More than three-quarters of the EU’s greenhouse gas emissions stem from our energy consumption. It is thus vital to stop burning fossil fuels to limit temperature rise to 1.5°C, the Paris Agreement target.
CAN Europe works for a European energy transition that puts energy efficiency first while switching to a fully renewable energy system. Together with members, academia and experts, we developed our Paris Agreement compatible (PAC) energy scenario. This energy scenario provides a robust, science-based pathway for Europe’s energy landscape. In a bottom-up research process, we reflected both the required emission reductions as well as the potential of energy savings and renewables.
We are in the process of updating the existing aggregated PAC scenario for the EU28 from 2020. The EU-wide PAC scenario will be disaggregated to get fully fledged country-specific PAC scenarios for the EU Member States.
These country-specific PAC scenarios describe how Member States can achieve the Paris Agreement’s objective of limiting average global temperature increase to 1.5°C. They also show the ambition needed in view of updating National Climate and Energy Scenarios (NECPs). The updated PAC scenario will also examine the macro-economic benefits of its implementation for both the EU and country-specific levels.
The second phase of the PAC project started in September 2021 and runs until August 2024, for more information on how you can engage in the second phase of the PAC scenario, please click here.
Given the global climate emergency, the EU can and must increase ambition. The United Nations Emissions Gap Report and the IPCC Special Report on the Paris Agreement’s 1.5°C threshold both indicate the pace of greenhouse gas emission reductions needed. Applying this reduction pace means the EU:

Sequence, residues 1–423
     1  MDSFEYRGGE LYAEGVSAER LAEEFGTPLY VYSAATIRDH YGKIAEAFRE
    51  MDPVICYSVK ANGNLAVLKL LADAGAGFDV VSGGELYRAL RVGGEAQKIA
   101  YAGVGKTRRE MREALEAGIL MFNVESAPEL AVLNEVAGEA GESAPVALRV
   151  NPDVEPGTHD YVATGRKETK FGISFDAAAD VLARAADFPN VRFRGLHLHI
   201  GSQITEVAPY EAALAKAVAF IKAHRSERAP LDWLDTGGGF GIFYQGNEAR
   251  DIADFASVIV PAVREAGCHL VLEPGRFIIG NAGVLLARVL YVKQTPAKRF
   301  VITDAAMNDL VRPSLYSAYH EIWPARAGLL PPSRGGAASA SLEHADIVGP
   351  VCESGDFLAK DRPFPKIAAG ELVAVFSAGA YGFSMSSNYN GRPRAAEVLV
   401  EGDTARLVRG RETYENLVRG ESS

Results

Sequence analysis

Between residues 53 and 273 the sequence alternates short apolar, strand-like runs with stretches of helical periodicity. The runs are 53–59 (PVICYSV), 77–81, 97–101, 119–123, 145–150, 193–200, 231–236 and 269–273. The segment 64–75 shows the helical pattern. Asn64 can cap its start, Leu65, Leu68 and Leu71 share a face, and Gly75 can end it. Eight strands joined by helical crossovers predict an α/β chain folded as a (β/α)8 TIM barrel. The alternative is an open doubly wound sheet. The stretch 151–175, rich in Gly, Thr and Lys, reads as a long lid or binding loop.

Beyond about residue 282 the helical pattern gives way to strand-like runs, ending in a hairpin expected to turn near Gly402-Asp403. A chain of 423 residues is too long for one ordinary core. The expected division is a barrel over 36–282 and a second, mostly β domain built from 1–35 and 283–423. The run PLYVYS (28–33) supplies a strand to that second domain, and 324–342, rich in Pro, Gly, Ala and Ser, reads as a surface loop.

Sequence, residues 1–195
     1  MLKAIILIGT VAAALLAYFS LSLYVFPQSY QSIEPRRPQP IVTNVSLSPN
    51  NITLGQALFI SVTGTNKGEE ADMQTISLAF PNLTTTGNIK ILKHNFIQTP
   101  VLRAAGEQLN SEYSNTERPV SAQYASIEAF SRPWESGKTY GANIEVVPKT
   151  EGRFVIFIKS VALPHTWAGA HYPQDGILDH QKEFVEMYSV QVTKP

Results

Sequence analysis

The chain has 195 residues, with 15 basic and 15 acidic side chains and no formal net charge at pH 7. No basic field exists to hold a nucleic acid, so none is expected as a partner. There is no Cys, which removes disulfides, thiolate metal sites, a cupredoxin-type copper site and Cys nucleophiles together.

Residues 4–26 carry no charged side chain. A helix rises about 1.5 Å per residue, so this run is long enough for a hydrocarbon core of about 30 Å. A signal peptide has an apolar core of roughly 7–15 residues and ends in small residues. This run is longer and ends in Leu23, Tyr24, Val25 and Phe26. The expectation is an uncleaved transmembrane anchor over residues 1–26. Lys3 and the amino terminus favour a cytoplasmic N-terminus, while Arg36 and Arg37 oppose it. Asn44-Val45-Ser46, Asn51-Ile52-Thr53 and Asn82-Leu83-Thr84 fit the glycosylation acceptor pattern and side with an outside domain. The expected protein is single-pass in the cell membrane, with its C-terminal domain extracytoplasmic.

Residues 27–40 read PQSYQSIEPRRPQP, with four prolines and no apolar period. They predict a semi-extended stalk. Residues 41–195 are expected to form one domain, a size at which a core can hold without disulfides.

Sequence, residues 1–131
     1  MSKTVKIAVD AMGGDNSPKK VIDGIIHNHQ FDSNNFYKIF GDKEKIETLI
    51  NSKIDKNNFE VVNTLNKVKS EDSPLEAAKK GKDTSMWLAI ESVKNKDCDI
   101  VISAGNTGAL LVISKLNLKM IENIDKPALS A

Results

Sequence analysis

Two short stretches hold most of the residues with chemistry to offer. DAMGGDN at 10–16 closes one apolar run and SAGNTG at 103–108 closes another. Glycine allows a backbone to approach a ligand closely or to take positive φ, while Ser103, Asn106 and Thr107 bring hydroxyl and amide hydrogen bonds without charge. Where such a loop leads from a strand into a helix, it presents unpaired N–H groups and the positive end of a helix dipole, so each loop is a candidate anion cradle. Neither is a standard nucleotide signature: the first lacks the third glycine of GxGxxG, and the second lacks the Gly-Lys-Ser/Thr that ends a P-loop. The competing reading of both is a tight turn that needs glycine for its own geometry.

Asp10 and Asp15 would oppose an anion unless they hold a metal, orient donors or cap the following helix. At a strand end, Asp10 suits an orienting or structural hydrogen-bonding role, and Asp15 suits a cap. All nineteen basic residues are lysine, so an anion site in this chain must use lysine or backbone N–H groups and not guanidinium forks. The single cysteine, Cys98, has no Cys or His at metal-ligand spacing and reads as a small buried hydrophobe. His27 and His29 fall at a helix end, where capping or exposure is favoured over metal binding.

cuts its emissions by at least 65% in 2030 instead of only 40% compared to the 1990 level
gets on a trajectory towards net zero emissions in 2040 instead of 2050
bases its energy supply on 100% renewables in 2040
Besides a swift mobilisation of energy savings potentials, this implies a phase-out of coal by 2030 and fossil gas by 2035. Meanwhile, the growth of Europe’s cheapest energy sources, solar photovoltaics and wind power, allows for tripling the share of renewables.
In the industry sector, we foresee that the circular economy decreases the raw material demand and makes it less energy-intensive. Industrial processes electrify so that they can use renewable electricity. Only for high-temperature processes, e.g. for steel production, renewable hydrogen will be needed.
The buildings we’re living and working in will undergo a deep renovation wave. Refurbishing 3% of the existing buildings every year cuts final energy demand by roughly two thirds. At this occasion, fossil heating systems will be replaced by electric heat pumps. Alternatively, a connection to a district heat network that distributes renewable heat.
In the transport sector, the remaining passenger cars will be used more efficiently – and they will all be electrified by 2040. This allows to massively increase the use of renewable electricity for mobility needs. Liquid biofuels will only play a niche role. Renewable hydrogen, renewable ammonia and liquid synthetic fuels are introduced in long-distance heavy-freight, shipping and aviation.
Written by Ana-Maria Seman, Regional Climate and Infrastructure Lead at WWF Central and Eastern Europe. In pursuit of the EU’s ambitious 2030 target of 60GW of offshore wind capacity, there
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